David Blunkett suggested that Britain could face an attack over Christmas as he criticised opponents of his emergency anti-terrorism legislation.
The Home Secretary cited secret reports from the security and intelligence services as he warned peers threatening to delay his measures they would deprive the police of the powers they needed.
A day after the House of Lords inflicted seven heavy defeats on the Government, Mr Blunkett told BBC Radio 4: "God willing there won't be an attack on us over Christmas and New Year, because all those who tell me we are not [under threat] are the ones who do not have the security and intelligence information which for my sins I carry."
He added: "That information tells us that because of our alliance – quite rightly – with the United States and because of our vulnerability we are at risk. And it is on those grounds we act to secure ourselves."
Later the Home Office launched a damage limitation exercise because it appeared Mr Blunkett had departed from the Government line that there was no specific terrorist threat to Britain. A spokesman insisted Mr Blunkett was not warning of attacks over the Christmas and New Year period. "He was expressing a general hope that we would not see more attacks in view of aiming to get the Bill through by Christmas," he said.
Last night Mr Blunkett handed two concessions to the critics of his controversial Bill in an attempt to head off further defeats when peers discuss it on Monday. He will water down his proposal to create an offence of inciting religious hatred. His second change to the Bill means a provision for Europe-wide anti-terrorist measures will expire next June and be included in separate legislation so it can be fully debated by Parliament.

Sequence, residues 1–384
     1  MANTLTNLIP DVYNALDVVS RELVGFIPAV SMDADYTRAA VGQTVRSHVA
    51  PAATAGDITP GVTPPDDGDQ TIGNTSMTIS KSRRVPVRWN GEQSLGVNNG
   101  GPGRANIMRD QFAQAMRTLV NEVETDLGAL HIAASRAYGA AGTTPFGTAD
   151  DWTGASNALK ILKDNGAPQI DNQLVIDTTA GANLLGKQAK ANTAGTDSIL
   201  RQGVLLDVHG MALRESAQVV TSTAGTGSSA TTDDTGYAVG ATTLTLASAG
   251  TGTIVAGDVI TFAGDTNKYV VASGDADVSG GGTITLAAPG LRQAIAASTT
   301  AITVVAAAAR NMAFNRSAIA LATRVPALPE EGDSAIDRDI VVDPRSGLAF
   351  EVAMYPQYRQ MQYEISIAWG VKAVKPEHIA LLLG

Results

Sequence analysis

Mr Blunkett said: "I have always said that where sensible proposals are put to improve the Bill, we will listen and respond. That is what I am doing today."
But he vowed to overturn the seven defeats inflicted by the Lords when the Bill returns to the Commons. "The amendments made last night would tie my hands in tackling terrorists effectively," said Mr Blunkett. "The attempt to separate crime from terrorism is naive and impractical."
The Lords defeated proposals to allow the detention without trial of terrorist suspects and the opt-out from the European Convention on Human Rights which would make that possible. They also voted to allow a judicial review for those detained and to restrict the disclosure of personal and financial information to the police and security services.
MPs may sit through the night to overturn the defeats inflicted by Tory, Liberal Democrat, independent and some Labour peers. The Lords would then have to decide whether to seek further concessions, which could provoke a full-scale constitutional clash.
Ministers had hoped to see the Bill, introduced after the September 11 attacks in America, become law by next Thursday, but it may now fail to reach the statute book by the Christ-mas recess.
Mr Blunkett accused the Lords of "deliberate sabotage." He said: "They are naive if they believe that the terrorists simply declare themselves as terrorists not as organised international criminals."
Downing Street made a veiled attack on Iain Duncan Smith, the Tory leader, saying the police wanted the practical support offered by the Bill – "not just warm words".Reuse content